The first time I encountered The Grove Dictionary of Music and Musicians, I was at freshman orientation week in college, looking forward to starting the work on an English degree and playing violin in the college orchestra.  I discovered in the tiny library in my dorm a copy of the fifth edition (1960).  I pulled a volume off the shelf and took it upstairs to my room to investigate. In it,  I found articles about composers I loved and those I hadn’t heard of yet , along with lists of their works; articles about instruments and occasional photos and diagrams of them; articles about cities and the various types of music-making that takes place in them; articles about genres, performers, patrons, orchestras, opera companies and more. The articles offered vivid descriptions of musical sound, fascinating biographical details, and the authors’ insights on the way music is made. By the time I graduated four years later, I had read all nine volumes, and was headed to graduate school in musicology. I was hooked.

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Photo: The nine volumes plus index of The Grove Dictionary of Music and Musicians, 5th edition in Tyler House, Smith College

According to the eponymous George Grove’s preface to the first edition in 1879, the dictionary was intended “for the use of Professional musicians and Amateurs alike,” an intent that extends to the present day.  Grove was a Victorian polymath who had worked as both a civil engineer and a Biblical lexicographer while cultivating a rich life as an amateur musician, organizer of concerts and program annotator. His unusual combination of skills along with his ambitious vision uniquely qualified him to take on the project of creating a dictionary of music, covering “all the points…immediate and remote, on which those interested in the Art, and alive to its many and far-reaching associations, can desire to be informed.” (Preface, A Dictionary of Music and Musicians, Macmillan, 1879; you can read the whole preface here.) Initially planned as a two volume reference work, the first edition was finally completed in 1890 at twice its original length.

The current edition, Grove Music Online, is digital and is overseen by a board of scholars advised by representatives of eight scholarly societies. Its vision of the world and its musics is broader than Grove’s could have been in 1879 and its size has expanded to accommodate a constantly expanding variety of musics from around the globe. Its more than 51,000 articles and nearly 6,000 images and musical examples are consulted daily by students, scholars, musical amateurs and professionals alike. Grove’s first edition was in four volumes, but would amount to over forty volumes, should it be published in print today.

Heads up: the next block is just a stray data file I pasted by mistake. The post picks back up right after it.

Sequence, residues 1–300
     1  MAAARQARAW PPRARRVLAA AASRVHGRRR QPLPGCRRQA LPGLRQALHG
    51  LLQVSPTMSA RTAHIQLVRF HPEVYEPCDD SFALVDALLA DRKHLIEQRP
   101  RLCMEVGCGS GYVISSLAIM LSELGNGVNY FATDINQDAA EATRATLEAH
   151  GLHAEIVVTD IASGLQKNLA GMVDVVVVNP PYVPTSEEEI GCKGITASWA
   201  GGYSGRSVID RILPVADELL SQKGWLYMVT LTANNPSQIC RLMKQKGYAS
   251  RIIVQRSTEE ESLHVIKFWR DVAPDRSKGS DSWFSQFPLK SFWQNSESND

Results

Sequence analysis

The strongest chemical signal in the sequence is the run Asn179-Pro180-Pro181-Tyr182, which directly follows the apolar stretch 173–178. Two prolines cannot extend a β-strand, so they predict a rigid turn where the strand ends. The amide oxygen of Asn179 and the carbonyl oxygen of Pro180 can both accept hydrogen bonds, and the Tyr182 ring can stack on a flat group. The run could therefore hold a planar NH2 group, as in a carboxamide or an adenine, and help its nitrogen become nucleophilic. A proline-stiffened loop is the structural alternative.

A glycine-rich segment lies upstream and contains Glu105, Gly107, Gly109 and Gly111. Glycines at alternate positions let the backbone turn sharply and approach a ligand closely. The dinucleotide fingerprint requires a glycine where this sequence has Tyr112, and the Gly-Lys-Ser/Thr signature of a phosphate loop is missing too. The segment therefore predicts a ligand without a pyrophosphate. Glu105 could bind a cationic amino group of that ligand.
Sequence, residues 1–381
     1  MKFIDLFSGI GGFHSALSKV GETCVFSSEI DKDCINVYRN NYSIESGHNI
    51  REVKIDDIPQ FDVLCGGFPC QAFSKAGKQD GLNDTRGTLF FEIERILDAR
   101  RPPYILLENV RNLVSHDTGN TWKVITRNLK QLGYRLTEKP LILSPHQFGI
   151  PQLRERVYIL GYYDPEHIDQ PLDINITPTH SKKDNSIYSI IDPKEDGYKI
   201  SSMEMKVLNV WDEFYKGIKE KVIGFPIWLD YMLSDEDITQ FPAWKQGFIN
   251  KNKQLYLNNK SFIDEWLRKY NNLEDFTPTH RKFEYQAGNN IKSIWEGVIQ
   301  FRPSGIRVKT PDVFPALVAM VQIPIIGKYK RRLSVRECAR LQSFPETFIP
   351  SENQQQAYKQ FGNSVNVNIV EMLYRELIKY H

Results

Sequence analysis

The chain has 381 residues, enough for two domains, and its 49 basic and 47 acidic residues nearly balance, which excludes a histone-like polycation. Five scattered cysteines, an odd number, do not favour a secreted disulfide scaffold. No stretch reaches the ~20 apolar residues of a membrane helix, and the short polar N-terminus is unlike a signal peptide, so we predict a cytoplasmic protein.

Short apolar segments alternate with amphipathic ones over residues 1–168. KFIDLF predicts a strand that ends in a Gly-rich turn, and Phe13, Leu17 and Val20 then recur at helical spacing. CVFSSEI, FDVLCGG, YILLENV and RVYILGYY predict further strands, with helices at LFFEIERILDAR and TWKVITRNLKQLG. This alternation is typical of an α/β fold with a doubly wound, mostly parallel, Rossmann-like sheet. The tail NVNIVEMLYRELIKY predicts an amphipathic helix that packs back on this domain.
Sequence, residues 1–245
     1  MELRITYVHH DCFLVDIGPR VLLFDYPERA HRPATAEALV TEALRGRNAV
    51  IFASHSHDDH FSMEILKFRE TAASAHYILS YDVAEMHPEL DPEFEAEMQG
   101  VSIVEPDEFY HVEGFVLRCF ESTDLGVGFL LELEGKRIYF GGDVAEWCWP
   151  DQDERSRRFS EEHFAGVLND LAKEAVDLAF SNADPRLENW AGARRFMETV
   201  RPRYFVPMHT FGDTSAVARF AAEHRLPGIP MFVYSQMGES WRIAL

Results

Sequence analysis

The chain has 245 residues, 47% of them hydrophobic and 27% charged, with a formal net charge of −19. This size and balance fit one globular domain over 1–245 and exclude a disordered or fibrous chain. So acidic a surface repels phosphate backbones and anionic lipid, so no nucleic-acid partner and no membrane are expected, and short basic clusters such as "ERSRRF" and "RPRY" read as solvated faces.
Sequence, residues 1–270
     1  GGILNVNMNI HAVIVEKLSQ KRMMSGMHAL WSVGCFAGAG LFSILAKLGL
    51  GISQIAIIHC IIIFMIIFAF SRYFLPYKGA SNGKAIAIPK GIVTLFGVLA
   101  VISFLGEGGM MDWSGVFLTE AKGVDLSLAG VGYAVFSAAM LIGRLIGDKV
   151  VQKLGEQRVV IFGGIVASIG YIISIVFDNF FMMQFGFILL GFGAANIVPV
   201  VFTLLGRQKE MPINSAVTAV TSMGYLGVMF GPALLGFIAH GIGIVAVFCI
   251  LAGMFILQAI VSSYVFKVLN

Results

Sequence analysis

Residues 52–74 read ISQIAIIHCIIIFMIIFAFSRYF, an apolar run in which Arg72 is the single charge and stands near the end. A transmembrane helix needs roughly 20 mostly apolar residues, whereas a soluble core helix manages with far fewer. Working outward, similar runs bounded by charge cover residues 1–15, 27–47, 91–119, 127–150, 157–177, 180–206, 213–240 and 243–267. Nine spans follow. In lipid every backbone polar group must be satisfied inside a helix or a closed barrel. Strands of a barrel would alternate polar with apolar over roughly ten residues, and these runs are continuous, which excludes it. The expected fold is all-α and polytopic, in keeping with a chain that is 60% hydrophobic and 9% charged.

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While Grove has changed a great deal over the last 139 years, you can still find vestiges of its history among its more than 33 million words, including some of George Grove’s original articles. My personal favorite of these is “Couac.” (You may find a list of all of his articles still in publication after the preface here).

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Although a few articles like “Couac” date back to the 1879 edition, most Grove articles were written more recently. “Couac” is also one of the briefest articles, which can range in length from term definitions of a few words, to essays on large concepts of as much as 80,000 words, to detailed lists and descriptions of research resources of 120,000 words in length or more. Grove’s most popular articles are biographies of some of the best-known composers in the history of Western art music;  Bach, Beethoven and Mozart have been consistently holding the top three positions since we started tracking such data after Grove first went online in 2001. But the article most readers tell us is their favorite is “Mode” by the late musicologist Harold S. Powers, who defined the concept that describes how musical sound is organized and broadly explored its various uses across centuries and continents.

Articles are revised and new ones are added to Grove regularly. If you are curious about current editorial projects or the latest articles published, visit the What’s New page, where you may browse some of the editors’ favorite new articles.  Last December, Grove Music Online relaunched to a site with new functionality, including a responsive display, and a query builder to define filtered searches built on a brand new taxonomy, and the ability to embed audio and video recordings (coming soon).  Many articles also contain links to recordings.

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If you aren’t sure where to begin your travels in Grove Music Online, the site features tools for exploring. Investigate the history of opera, or contemporary music, or women musicians through Grove’s timelines.

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Use one of Grove’s topical guides to introduce yourself to major fields in music history.

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Or get to know some of the people who are responsible for writing and editing Grove’s articles through our series of conversations with scholars.

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If it’s Grove itself that you’re interested in, you can read more about its history here.

And if none of these seems like your path, just pick one of the categories in the browse bar at the top of any page and dive in. A whole world of music awaits you.

 

Anna-Lise Santella

Publishing Editor

Grove Music Online


You can access Grove Music Online through Oxford Music Online which is FREE with your library card HERE (Scroll down to Film, TV, music and the arts)